New Delhi, May 16 (PTI): Senior BJP leader Arun Jaitley today said the Supreme Court judgement quashing disqualification of 11 BJP MLAs is ''erroneous'' as it is based on the premise that they only wanted to replace the Chief Minister but did not want the government to fall.
In an article published on BJP website, Jaitley says the Supreme Court's conclusions based on a letter written by the rebel MLAs to Karnataka Governor H R Bhardwaj on October 6, 2010 may not be correct.
The judgement by a bench headed by Justice Altamas Kabir stated the 11 legislators were only against Yeddyurappa continuing as chief minister but wanted their party BJP to stay in power is not correct, Jaitely said.
"We live in a real world. We know what the MLAs did. They wanted the government to go. The language of their letter was clear. Their subsequent actions corroborated their intentions. If they wanted a change of leadership within the party they should have written to the party president and not to the governor of the state," Jaitley said.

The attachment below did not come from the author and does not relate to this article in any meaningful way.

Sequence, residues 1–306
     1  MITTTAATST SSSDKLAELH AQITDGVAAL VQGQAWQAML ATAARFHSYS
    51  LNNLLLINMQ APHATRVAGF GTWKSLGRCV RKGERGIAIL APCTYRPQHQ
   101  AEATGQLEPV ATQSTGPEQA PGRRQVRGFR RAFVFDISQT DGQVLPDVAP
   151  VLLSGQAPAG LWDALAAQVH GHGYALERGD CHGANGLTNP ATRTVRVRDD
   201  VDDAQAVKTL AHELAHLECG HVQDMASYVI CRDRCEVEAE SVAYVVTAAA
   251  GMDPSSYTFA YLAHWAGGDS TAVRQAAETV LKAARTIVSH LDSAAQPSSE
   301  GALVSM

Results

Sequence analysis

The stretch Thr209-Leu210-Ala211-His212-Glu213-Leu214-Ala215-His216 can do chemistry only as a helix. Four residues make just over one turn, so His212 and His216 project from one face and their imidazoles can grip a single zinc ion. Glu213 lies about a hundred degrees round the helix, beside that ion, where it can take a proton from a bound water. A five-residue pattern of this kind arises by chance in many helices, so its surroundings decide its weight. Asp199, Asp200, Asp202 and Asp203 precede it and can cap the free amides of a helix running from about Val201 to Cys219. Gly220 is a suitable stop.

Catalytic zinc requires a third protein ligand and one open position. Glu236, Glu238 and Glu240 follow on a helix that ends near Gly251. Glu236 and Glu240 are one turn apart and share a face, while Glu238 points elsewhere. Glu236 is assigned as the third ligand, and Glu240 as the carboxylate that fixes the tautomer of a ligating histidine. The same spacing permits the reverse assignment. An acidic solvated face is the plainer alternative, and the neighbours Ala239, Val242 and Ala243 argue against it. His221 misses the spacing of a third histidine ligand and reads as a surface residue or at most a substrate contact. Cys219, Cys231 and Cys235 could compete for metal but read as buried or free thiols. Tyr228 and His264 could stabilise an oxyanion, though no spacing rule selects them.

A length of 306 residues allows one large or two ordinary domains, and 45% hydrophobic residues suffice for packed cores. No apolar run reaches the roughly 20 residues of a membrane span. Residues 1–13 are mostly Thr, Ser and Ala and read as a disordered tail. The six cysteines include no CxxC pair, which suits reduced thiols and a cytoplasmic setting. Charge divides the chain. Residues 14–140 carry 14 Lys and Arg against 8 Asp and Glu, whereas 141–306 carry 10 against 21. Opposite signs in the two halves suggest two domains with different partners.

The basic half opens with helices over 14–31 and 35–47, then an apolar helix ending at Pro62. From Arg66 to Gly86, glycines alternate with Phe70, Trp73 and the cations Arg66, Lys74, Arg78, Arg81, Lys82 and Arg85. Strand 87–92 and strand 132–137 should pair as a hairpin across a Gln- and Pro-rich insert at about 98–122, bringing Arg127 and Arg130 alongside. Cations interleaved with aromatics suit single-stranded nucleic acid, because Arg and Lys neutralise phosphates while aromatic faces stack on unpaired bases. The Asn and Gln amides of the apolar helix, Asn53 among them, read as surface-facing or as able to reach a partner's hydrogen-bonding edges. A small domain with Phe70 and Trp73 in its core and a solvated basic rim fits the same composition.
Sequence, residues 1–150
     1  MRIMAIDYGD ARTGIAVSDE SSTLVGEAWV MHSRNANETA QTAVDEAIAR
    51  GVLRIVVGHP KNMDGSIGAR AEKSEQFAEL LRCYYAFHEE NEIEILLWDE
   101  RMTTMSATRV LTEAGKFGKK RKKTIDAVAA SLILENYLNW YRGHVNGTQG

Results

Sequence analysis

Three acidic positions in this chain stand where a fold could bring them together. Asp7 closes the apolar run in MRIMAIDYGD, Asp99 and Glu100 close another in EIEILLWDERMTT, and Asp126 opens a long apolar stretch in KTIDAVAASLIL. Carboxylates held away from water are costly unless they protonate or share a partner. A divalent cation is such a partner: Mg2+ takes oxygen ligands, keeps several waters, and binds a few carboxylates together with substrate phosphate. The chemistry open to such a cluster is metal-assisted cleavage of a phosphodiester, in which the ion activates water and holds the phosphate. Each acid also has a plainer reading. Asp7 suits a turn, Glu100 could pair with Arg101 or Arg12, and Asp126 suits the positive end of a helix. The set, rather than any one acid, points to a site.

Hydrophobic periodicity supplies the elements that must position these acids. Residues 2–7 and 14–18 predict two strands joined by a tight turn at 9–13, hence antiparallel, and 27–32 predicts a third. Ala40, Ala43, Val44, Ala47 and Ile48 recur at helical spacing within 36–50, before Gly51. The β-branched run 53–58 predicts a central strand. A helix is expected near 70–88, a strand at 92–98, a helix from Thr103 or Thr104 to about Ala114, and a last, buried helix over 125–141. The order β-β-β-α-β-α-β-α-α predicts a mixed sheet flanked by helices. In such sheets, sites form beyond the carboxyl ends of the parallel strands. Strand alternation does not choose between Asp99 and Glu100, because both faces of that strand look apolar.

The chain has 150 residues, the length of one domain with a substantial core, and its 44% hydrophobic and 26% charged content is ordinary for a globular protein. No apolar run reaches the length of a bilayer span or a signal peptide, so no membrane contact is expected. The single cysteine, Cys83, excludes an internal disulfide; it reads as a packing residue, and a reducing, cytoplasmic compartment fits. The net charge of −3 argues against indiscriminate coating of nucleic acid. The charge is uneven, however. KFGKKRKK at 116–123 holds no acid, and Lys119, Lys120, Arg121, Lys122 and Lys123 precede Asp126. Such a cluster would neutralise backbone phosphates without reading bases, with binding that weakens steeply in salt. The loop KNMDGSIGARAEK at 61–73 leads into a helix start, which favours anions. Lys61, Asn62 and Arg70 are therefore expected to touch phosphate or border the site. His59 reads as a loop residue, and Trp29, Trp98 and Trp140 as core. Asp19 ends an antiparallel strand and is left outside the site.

The eminent lawyer insisted that though this issue is now merely of "academic interest" as the 11 suspended MLAs have now pledged support to Yeddyurappa, it is important as it may lead to adverse consequences on the functioning of the Anti-Defection Law.
"An interpretation of this kind gives enough play of joints to potential defectors to misuse the provisions of the Tenth Schedule, play games with political morality and then put on an innocent expression and allege that they have done nothing wrong," Jaitley said.
"Some provisions have been weakened by this judgement. I am sure on a future date this judgement will be re-visited," he added.
The senior leader further argued that the Supreme Court may be "final" but is not "infallible".
"Even erroneous views of the courts are binding. The governor now seeks to rely on this reasoning in his recommendation to the Centre. These are the consequences that an erroneous judgement can inflict on the democracy. We don't have to merely learn to live with these errors. An erroneous judgement is a challenge to the future to correct the error in to which the judgement has fallen," Jaitley said.